Fox Squirrel

The Fox Squirrel is the largest species of climbing squirrel in North America. Researchers place them in the taxonomic genus Sciurus. Their closest relatives include the gray squirrel, red squirrel, and more.

These rodents live in eastern North America, from southern Canada to northern Mexico. Read on to learn about the Fox Squirrel.

Description of the Fox Squirrel

This species looks much like your typical “squirrel” with its long bushy tail. The coat is buff brownish-gray, with orange undertones. It grows quite large, reaching lengths of up to two feet long, not including the tail! Particularly hefty individuals surpass two pounds or more in weight.

Interesting Facts About the Fox Squirrel

You can commonly find these rodents throughout the eastern United States, and into Canada and Mexico. So, what exactly makes this frequently spotted creature so unique? Learn more, below.

  • Acorn Eater – While most people know that squirrels eat acorns, did you know that the populations in different regions rely on different species of trees? For example, the Illinois populations prefer the seeds of hickory trees for most of the fall season.
  • Not So “Tree” Squirrel – These rodents rely heavily on trees, and frequently scurry up and down their trunks to flee predators. However, this species spends the vast majority of its foraging time on the ground looking for fallen nuts and acorns.
  • Food Cache – When they find a surplus of food, these crafty creatures take the extra and hide it in underground caches. They bury extra nuts and acorns in multiple locations, then come back to eat them when food grows scarce.
  • Tree Planting – Though their memories are quite good, they are not perfect. Because of this, they do not find every seed and acorn that they bury. Through forgetting extra food caches, these squirrels help continue the growth and development of the forest.

Habitat of the Fox Squirrel

These rodents thrive both in the trees and on the ground. They have impeccable climbing and jumping skills. Even though they spend much of their time on the ground, they rely on heavily wooded habitats. Some of the different ecosystems that they utilize include forests, woodlands, parks, gardens, and even suburbs.

Distribution of the Fox Squirrel

You can find this squirrel throughout much of eastern North America. The westernmost extent of their range stretches from southern Canada through northern Mexico. From there, they live throughout the mid and eastern United States to the coast.

Diet of the Fox Squirrel

Even though much of their diet consists of acorns and other seeds, these large rodents are omnivores. This means that they also eat meat. However, most of the carnivorous portion of their diet consists of insects and invertebrates.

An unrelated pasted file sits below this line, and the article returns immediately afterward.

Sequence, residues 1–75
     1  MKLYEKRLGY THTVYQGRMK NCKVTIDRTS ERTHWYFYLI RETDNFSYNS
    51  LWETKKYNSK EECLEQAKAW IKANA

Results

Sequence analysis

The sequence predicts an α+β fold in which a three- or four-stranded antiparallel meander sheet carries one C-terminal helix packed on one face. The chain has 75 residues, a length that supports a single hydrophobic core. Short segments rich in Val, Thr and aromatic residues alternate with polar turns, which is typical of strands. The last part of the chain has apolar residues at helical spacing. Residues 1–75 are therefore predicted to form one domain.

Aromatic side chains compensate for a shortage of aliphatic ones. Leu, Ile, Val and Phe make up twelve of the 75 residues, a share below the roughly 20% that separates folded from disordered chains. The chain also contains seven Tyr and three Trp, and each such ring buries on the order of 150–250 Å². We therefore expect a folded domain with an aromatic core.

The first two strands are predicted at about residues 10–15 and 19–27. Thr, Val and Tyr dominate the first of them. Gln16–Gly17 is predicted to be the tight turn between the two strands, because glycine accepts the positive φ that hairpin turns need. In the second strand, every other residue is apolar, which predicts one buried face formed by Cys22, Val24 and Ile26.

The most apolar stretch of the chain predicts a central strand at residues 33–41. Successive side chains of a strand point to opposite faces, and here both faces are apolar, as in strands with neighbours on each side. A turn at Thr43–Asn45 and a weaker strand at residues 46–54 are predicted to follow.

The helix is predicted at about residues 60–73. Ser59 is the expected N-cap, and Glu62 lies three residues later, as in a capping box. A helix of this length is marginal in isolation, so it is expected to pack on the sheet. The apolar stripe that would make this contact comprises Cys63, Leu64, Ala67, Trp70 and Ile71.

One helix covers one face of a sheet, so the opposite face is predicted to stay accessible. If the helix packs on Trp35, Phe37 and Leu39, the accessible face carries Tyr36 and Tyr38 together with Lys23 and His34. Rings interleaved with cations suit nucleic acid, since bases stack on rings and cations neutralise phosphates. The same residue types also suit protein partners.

The plants that they feed on include acorns, seeds, nuts, berries, fruits, and more. They also hunt moths, spiders, insect larvae, and other small invertebrates. On occasion, they feed on bird eggs, and even carrion.

Fox Squirrel and Human Interaction

Because this species often lives in suburban and urban areas, humans interact with them quite frequently. Though their population as a whole is stable, pockets in certain regions or subspecies face decline.

The IUCN lists the species as Least Concern, but acknowledges that they face decline of suitable habitat in some areas.


Humans have not domesticated these rodents in any way.

Does the Fox Squirrel Make a Good Pet

No, this species does not make a good pet. Though it may look cute and cuddly, it is a wild animal and you should not keep it as a pet. Additionally, in many areas it is illegal for you to keep a squirrel as a pet.

Fox Squirrel Care

Some zoos keep these creatures in their collection or as ambassador animals. Even more frequently, these rodents live at the zoo and forage for scraps left behind by humans. A typical rodent diet works well for these mammals, as well as acorns, seeds, nuts, berries, and other fresh fruits and vegetables.

Behavior of the Fox Squirrel

This species is most active during the daytime, or diurnal. They are not particularly social towards one another. Individuals will fight when they cross paths. They use scent marking to establish and announce their home range. The only time these creatures interact is during the breeding season.

Reproduction of the Fox Squirrel

When the breeding season arrives, males fight with one another for breeding rights. Females choose the winners, though they often mate with more than one male. The gestation period lasts about 45 days, and a litter usually contains about 2 or 3 pups. These pups reach independence when they are about 3 months old.